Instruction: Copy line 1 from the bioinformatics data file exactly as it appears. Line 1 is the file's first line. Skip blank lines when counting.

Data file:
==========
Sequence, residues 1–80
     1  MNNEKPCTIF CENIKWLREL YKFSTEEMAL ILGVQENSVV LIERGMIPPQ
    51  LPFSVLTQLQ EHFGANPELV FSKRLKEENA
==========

Sequence, residues 1–80